This morning I had the pleasure of attending the Biofuels & American Energy Policy Exclusive Panel, presented by The Hill and sponsored by Smarter Fuel Future, down here by the Capitol on behalf of the National Grange. Preceded by a breakfast spread of bagels, assorted shmears, and more pastries than the new Starbucks La Boulange can offer, I was thoroughly impressed by the turnout at the Hyatt Continental Room. The only things more diverse than the breakfast arrangement however, were those in attendance at the conference, ranging from agricultural and environmental policy analysts and advocates to public and private interests. And yet The Hill seemed to bring together a relatively biased panel sans representation from interests within the ethanol industry itself. Paul Bledsoe, President of Bledsoe & Associates and a veteran on key energy and environmental issues moderated the dialogue on the Renewable Fuel Standard (RFS) and US Biofuels Policy. Congressman Peter Welch (D-VT-01), a member of the House Committee on Energy and Commerce, headlined the first portion of the morning and participated in a one-on-one sit-down. Congressman Welch’s diplomatic and relatively apolitical brief of the issue gave way to the roundtable discussion, featuring Dominic Albino- Scholar, New England Complex Systems Institute; Scott Faber- Vice President of Government Relations, Environmental Working Group (EWG); Rob Green- Executive Director, National Council of Chain Restaurants (NCCR); and Michael McAdams- President of Advanced Biofuels Association. Questions and comments were consistently streamed throughout the morning through the live tweets trending on two plasma-screen TVs placed on opposite sides of the room, and can be found on Smarter Fuel Future’s twitter page here: https://twitter.com/SmarterFuels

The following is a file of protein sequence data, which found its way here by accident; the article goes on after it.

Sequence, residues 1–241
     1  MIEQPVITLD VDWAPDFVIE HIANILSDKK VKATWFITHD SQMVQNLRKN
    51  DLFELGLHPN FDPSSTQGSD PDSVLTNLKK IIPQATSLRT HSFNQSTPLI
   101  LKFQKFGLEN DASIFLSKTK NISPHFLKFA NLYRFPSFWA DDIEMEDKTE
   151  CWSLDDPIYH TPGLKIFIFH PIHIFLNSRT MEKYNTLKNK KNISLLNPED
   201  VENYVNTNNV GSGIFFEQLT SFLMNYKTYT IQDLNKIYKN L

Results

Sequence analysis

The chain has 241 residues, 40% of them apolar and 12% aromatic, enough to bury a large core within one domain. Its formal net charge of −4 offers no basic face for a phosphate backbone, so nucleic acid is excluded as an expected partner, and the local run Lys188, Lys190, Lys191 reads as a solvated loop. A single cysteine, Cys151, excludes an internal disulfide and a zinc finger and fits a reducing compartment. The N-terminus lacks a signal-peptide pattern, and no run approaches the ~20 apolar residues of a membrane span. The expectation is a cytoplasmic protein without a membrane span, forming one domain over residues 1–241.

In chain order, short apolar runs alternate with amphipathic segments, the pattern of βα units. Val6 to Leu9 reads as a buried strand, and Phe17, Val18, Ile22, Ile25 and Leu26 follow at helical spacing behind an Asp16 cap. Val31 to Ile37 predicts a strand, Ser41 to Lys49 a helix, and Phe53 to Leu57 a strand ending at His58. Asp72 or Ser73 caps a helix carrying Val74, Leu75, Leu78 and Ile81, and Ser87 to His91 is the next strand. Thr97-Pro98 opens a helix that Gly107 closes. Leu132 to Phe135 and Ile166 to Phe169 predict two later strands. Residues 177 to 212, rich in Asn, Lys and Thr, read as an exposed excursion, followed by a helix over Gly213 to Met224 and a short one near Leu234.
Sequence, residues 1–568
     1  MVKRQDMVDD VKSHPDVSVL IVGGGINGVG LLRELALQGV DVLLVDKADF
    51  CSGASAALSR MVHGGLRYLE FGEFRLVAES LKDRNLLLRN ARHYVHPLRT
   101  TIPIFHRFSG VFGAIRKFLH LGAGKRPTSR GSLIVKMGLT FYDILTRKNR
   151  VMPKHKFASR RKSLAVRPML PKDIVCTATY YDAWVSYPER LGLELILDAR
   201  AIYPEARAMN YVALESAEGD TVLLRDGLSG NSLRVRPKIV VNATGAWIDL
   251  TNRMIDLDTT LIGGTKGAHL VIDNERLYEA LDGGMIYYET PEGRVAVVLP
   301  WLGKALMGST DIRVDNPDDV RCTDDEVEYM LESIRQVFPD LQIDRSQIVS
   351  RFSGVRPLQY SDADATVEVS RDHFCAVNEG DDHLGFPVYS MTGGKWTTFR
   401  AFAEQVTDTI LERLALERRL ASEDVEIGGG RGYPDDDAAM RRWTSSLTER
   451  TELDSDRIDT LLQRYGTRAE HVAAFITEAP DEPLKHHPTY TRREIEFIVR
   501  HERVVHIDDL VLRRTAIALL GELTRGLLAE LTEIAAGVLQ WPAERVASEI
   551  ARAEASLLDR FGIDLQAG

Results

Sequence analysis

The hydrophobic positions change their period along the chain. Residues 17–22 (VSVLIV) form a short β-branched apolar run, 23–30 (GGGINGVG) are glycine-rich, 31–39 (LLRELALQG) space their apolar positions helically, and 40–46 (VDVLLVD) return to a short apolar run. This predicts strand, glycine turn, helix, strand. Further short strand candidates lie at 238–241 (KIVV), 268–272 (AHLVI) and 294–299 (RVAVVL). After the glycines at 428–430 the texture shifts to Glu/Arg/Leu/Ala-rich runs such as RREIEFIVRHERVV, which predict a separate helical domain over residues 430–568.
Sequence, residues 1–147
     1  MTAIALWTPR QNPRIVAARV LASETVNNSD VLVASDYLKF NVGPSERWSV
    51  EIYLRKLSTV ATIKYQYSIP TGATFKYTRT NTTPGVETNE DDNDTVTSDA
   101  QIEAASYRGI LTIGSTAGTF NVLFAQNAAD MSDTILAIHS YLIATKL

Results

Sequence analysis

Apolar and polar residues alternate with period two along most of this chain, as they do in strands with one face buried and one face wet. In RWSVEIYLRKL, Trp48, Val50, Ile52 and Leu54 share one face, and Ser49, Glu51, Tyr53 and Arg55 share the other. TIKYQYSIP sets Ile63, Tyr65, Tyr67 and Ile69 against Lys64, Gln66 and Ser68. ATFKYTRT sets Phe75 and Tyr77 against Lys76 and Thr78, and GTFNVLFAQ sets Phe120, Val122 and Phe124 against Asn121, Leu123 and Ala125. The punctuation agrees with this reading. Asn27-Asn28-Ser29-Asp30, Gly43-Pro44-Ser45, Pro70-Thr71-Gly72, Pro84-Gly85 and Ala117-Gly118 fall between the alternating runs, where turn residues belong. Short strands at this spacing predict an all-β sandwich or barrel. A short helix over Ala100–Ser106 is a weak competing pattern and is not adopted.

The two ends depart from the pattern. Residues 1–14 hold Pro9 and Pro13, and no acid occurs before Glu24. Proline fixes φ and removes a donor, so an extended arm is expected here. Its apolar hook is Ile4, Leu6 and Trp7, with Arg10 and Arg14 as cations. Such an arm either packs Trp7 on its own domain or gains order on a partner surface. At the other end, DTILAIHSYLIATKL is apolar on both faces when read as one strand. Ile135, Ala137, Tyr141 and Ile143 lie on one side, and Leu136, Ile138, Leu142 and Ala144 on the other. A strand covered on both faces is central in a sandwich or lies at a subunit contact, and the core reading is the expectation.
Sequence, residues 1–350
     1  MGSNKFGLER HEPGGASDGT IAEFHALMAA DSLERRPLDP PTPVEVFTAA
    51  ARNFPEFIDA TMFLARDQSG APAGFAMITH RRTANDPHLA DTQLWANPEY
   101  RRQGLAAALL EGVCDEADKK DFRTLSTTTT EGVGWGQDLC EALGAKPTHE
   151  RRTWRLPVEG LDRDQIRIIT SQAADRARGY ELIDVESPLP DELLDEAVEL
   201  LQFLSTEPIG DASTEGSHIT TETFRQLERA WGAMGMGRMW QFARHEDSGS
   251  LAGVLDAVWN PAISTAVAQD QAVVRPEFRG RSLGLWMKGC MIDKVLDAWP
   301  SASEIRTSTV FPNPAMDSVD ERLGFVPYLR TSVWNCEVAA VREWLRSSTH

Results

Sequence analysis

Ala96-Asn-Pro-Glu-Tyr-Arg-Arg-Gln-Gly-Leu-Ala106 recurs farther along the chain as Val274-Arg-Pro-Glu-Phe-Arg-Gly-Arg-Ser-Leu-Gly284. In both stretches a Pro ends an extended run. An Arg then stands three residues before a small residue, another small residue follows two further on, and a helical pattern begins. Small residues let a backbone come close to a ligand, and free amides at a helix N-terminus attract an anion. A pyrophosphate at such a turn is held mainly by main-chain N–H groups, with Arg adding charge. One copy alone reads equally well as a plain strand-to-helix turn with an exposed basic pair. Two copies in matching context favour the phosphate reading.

The Renewable Fuel Standard (RFS):
Before diving into the panel discussion though, here’s a quick refresher on the Renewable Fuel Standard. Passed by Congress in 2005, the RFS authorizes the EPA to mandate that a minimum volume of biofuel be integrated into the nation’s gasoline supply. While most people who associate biofuels with corn would be correct, biofuels also include cellulosic crops and any living matter or biologically raw materials. Ethanol biofuel, for example, is most commonly used as E-10 and constitutes as a first-generation biofuel extracted from arable crops using conventional technology. However, panelist Michael McAdams explained, there are also second-generation biofuels which are high energy and dense, made from lignocellulose biomass such as woody crops and agricultural waste. The RFS is directed at first-generation biofuels and with the ultimate goal of requiring 36 billion gallons of biofuel integrated into the American fuel supply by 2022, the minimum mandate increases ever year.
Now to the meat, or should I say corn, of the argument. The entire discourse of the panel focused around one central theme. Should Congress repeal or reform the RFS mandate? A common consensus pretty much permeated the panel that maintaining the status quo was not a viable option for American Fuel and food prices. Instead, the first “absolute must” is to eliminate the mandate for corn based ethanol, and the second is to reform the law while leaving incentives for cleaner fuel in place. Delving into agricultural and environmental implications of the RFS, the underlying concern for all the panelists seemed to focus on the average consumer. This is probably because they are the most vastly affected population, although farmers and small businesses also deal with the brunt of the RFS economic implications. Rather than go through the perspectives and contributions of each individual on the panel and write a ten -page paper, I will just lay a foundation of the problem and bring up the key arguments that surfaced during the roundtable discussion.